Week 3. Document everything
There are a number of important documents that a business and start-up should have in place before beginning operation. The following is an overview of common documents generally used when starting a business.
A shareholders agreement is an agreement between the shareholders of a company setting out their rights and responsibilities.
Some key terms in a shareholders agreement include the roles and duties of directors, the rights of the shareholders, who has the right to appoint a director, the procedure if there is a deadlock in voting, the procedure if shares are to be transferred and the termination of the agreement.
A confidentiality deed should be entered into where one party/business provides confidential information (for example, designs, client information) to another party. The deed affirms the confidential nature of the information that is passed from one party to another party, and specifies that they cannot disclose the confidential information and the consequences of a breach of the deed.
Often a confidentiality deed will include clauses dealing with who owns any intellectual property developed by a party to the deed as a result of the use of the other person’s confidential information. They can also include non-compete provisions.
Confidentiality deeds can be mutual (meaning both parties have obligations of confidentiality) or in favour of a single party.
Contract for Services
A contract for services outlines the terms on which one party is providing services to another party. For example, if a builder is building a house for someone, they will get the purchaser to enter into a contract which sets out the terms of thee builder’s engagement.
The contract contains clauses relating to the duration of the contract, the nature of the services to be provided, any reporting requirements that one party must adhere to, the requirement of insurance and how the contract may be terminated. Most importantly, it also specifies the payment terms.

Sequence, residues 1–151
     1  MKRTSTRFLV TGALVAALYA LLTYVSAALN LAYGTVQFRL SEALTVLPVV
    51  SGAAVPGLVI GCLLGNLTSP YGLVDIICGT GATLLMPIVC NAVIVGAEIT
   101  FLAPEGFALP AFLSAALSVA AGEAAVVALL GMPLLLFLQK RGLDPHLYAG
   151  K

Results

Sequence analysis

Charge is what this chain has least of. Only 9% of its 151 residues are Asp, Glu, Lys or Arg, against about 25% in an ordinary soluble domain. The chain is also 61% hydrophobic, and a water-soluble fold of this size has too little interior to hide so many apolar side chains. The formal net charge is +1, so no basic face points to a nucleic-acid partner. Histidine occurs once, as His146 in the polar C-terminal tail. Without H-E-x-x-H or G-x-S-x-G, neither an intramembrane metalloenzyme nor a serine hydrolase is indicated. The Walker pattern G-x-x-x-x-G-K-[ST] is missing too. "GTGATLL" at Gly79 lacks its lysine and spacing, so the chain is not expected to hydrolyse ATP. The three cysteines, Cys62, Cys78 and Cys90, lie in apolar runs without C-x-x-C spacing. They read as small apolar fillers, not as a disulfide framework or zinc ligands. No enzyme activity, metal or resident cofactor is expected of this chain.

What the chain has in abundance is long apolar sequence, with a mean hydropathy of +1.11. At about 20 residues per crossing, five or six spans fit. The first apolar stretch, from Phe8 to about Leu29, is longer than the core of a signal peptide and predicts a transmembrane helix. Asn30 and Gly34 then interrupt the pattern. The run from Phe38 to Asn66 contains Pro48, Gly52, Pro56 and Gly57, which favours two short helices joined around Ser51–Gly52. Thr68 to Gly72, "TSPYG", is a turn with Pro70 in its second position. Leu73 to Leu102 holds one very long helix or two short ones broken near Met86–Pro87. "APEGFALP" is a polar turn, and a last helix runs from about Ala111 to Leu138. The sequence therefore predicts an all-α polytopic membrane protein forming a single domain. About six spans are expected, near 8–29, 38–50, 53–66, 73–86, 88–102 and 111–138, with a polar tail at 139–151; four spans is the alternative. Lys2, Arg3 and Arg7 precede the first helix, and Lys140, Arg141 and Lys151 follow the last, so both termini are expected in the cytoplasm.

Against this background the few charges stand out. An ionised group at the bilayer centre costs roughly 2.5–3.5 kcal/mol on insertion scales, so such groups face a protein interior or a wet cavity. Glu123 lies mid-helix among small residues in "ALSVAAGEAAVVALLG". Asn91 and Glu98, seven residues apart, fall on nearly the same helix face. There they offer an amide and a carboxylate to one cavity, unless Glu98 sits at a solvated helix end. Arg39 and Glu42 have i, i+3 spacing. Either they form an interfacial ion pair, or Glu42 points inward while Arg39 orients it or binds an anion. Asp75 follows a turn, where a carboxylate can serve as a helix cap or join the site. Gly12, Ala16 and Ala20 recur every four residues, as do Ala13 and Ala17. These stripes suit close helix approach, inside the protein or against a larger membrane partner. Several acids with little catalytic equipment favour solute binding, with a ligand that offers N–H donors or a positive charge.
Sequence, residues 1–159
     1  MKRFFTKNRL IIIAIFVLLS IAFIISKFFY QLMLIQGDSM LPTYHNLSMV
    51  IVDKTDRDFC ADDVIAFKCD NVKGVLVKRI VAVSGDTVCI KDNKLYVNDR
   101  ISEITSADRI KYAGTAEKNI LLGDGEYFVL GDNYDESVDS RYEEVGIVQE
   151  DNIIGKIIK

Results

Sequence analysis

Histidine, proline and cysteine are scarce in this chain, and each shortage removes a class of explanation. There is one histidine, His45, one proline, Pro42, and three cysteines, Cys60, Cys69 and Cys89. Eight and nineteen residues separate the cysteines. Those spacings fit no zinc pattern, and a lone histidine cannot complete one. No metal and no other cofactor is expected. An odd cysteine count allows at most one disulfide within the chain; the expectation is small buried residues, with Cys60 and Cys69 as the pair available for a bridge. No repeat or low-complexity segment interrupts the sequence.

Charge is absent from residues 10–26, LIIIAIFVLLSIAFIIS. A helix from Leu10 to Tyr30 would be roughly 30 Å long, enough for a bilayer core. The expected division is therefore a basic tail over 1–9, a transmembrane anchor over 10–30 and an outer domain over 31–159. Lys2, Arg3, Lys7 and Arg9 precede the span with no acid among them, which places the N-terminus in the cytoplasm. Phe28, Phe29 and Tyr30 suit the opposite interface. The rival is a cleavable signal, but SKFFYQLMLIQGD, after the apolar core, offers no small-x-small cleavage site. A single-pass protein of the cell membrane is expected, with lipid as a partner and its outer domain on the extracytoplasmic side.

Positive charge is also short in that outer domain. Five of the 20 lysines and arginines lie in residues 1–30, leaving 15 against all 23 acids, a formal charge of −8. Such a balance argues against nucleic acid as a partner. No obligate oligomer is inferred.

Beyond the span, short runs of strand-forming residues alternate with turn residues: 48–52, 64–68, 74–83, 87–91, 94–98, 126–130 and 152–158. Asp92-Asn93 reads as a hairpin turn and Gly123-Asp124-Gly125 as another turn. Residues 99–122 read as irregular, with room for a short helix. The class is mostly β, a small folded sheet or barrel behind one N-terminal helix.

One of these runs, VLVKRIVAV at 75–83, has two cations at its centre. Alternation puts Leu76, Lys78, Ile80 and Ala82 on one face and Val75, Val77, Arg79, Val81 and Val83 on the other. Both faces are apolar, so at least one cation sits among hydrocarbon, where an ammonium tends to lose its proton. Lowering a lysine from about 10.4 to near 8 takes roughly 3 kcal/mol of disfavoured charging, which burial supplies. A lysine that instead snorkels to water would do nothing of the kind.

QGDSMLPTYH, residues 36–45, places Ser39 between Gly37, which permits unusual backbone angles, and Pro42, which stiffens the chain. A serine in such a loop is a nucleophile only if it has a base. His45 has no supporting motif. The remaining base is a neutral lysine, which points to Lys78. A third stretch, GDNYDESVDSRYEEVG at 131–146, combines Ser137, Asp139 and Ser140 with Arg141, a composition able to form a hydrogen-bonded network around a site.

A distribution agreement is used where a supplier of goods appoints a person to distribute those goods. The agreement generally gives the distributor a sole and exclusive right to distribute the goods in a particular region. The agreement also outlines the duration of the agreement, whether it is exclusive or whether other people can distribute the same products in the same area, the costs of the right to distribute and the method for accounting for the revenue generated from the sale of the goods by the distributor.
Whether you hire a part-time, full-time or casual employee, an employment contract is essential in outlining the terms of the employment relationship. Generally an employment contract will specify the location of the workplace, the duration of the employment, the duration of any probationary period, the expectations upon the employee to perform his or her duties, the hours of work, the employee’s salary, leave entitlements, confidentiality, and how the employment contract can be terminated. It will also specify whether the employee’s salary includes remuneration for all hours worked, or whether TOIL or overtime payments will be made.
It is more common than ever for businesses to engage contractors to perform jobs which may have previously been performed only by employees. Similar to employees, businesses need to document your agreement with a contractor. Clauses dealing with the services to be provided, due dates, payment, intellectual property and confidentiality will all need to be included.
In certain cases contractors can be deemed to be employees, which means that you need to pay their superannuation contribution, collect PAYG tax, and ensure the terms of their employment are compliant with any applicable awards.
If you are using someone else’s intellectual property (such as their business name, logo or processes), you should enter into an agreement with them which gives you the right to use that intellectual property. The agreement should specify whether you have the exclusive rights to use that intellectual property and for how long.
If you are operating your business on someone else’s land, you should secure your right to use that land by putting a lease in place. A lease gives you the exclusive right to use land for a certain period of time in exchange for payment of rent.
If your business obtains funds, whether from a bank or private source, a loan agreement confirming the terms of repayment will generally be put in place.
Most businesses will receive a loan from shareholders or directors when starting out, and these loans should be documented (even though they are between related parties).
These are just some of the documents that your business may need. Merton Lawyers have extensive experience in creating tailored documents for every type of business or start-up that reflect how you intend to operate your business. We can also confirm which documents you need and which you can skip.
*Please note this is a general guide only and should not be used in place of obtaining our advice.